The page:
The female approach to leadership
VaynerMedia's Sarah Baumann considers whether there is something inherently different about female leadership
The relative merits and failings of women as leaders have been picked over for many years now. This process invariably involves stereotypes and gender-based assumptions that say more about the beliefs and prejudices of those commentating, than the realities of the female managers.
But the past few months have presented us with an interesting opportunity for comparison. As Covid-19 spread across the world, several observers were keen to point out how female leaders have handled the health crisis "better" than their male counterparts. They would cite Jacinda Arden and Sanna Marin, Angela Merkel and Tsai Ing-wen.
And now analysis of 194 countries, published by the Centre for Economic Policy Research and the World Economic Forum, has scrutinised these claims.
Its authors found that “COVID-outcomes are systematically better in countries led by women and, to some extent, this may be explained by the proactive and coordinated policy responses adopted by them”. Female leaders reacted more quickly and decisively when faced with the potential fatalities, locking down earlier.
The influence of leaders is critical to the running of countries and businesses, whether in crisis or not. But is there something inherently different about female leadership?
Well, I’m writing this in the midst of sewing name tags on my kids’ school uniforms. Yes, I know there are sharpies and iron-on labels and I probably could have outsourced it, but part of my identity and experience is to do the normal things that mums do for their kids as well as work.
It’s not a deliberate act to stay connected and avoid living in a rarefied corporate world, but this is an example of how diversity of experience has an impact on leadership style.
The point is not about motherhood, but across the board I have found that women are often more grounded and more involved in day to day life, and this leads to a different form of analysis and decision-making process.
I love the CEPR and WEF Covid analysis around strong female decisiveness and action because it reflects what I admire in many of the female leaders I know. They think about problems from different perspectives, come up with different solutions and have a different style of implementing them. They decide fast and because they anticipate surprise or questions, they’re not derailed by them.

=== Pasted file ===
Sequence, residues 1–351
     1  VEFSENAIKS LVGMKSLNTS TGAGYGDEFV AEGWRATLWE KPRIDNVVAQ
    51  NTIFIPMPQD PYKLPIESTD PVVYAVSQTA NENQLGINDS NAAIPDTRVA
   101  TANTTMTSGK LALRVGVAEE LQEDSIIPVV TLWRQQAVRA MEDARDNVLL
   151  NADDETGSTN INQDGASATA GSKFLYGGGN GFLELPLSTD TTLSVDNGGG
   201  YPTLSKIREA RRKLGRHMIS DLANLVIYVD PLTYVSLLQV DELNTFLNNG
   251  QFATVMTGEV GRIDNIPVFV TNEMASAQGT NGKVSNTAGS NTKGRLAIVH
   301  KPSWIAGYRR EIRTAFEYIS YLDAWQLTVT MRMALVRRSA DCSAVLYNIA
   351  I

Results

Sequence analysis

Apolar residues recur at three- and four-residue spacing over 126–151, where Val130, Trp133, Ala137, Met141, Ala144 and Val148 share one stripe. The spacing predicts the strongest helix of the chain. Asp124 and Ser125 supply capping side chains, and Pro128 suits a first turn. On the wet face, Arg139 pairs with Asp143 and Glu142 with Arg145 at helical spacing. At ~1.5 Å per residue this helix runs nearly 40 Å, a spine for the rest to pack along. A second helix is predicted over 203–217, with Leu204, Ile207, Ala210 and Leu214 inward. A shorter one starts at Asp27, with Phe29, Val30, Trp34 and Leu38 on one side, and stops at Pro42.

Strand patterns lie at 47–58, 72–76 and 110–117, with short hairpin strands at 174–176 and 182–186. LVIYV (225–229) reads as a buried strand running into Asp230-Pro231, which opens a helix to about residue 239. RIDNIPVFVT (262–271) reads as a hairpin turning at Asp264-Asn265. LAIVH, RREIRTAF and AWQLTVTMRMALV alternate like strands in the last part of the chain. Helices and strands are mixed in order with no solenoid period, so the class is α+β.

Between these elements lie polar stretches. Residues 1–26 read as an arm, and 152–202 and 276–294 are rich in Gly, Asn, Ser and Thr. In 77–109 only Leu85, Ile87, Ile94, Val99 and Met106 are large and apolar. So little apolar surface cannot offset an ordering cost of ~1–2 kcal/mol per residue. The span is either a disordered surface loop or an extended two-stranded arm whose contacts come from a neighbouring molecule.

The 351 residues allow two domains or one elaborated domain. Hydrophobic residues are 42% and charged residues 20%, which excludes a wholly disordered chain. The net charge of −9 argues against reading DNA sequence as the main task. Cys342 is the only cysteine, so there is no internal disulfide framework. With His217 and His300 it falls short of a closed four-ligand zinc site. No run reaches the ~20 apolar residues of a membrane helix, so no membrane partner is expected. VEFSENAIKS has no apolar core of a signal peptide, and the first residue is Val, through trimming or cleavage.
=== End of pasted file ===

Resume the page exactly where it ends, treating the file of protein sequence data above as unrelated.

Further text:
Perspective is everything. It’s a cliché to say that women are more empathetic or caring than men (my male boss happens to be one of the most empathetic human beings ever) but there is a machismo, an ego and status that exists in all-male leadership teams. And let’s be honest, media has been riddled with those for many years.
I think female leadership – with its associated attributes or styles – is often different because the world is simply not used to it. This means women leading agencies bring desperately needed alternative ideas, new approaches and diversity of thought to a tired, formulaic, 'establishment' approach.
In all walks of life – across governments and businesses – you look at white, privileged male line-ups and the rest of the world collectively sighs because you know exactly what the outcome will be.
So, my argument isn’t that female leadership is innately superior to male leadership. There are brilliant female leaders, mediocre and bad ones – the same spectrum that exists among male leaders – but the brilliant women like Arden and Merkel bring an alternative perspective and set of values alongside their leadership talent.
In the case of Covid, they were fearless in a way their male counterparts were not, especially in their decisions to do things for the benefit of people and thinking about the whole of society, rather than the few.
I think female leadership – with its associated attributes or styles – is often different because the world is simply not used to it."
This goes to the heart of why diversity is critical. We need people with unique standpoints, alternative outlooks, values and empathy that have been formed through varying life experiences. And of course, not just gender but ethnicity, disability, sexuality too. This then ensures that as leaders, they develop and execute ideas that reflect the needs of all society, not just the elites.
When women lead an organisation, the tone and dynamic within it does change; in my experience, that involves a more expansive mindset. They cut through the crap and create the environment for more diverse teams to innovate, pursue their ideas and thrive.
Within those organisations, emotion, circumstance – things that were previously seen as 'soft' – are more readily acknowledged which gives greater room for manoeuvre and breaks down hierarchical and antiquated structures and practices.
As managing director of VaynerMedia’s London office, I am one of three women leading our offices around the world – Singapore and Los Angeles are the others. Our agency is in a major growth phase, so we clearly all had something that our CEO, Gary Vaynerchuk, saw as being key to expanding and establishing the business.
Are female leaders more open to experimentation, trusting instincts, being bold, hiring and creating great teams, building trusted relationships? We should probably ask Gary. But I’d argue that female leaders certainly have good form when it comes to establishing open cultures, where teams feel invested in growth and are recognised for the role they play and the voice they have.
It’s about helping and supporting each other; we all want each other to succeed and that means our businesses succeed.
Sarah Baumann is managing director at VaynerMedia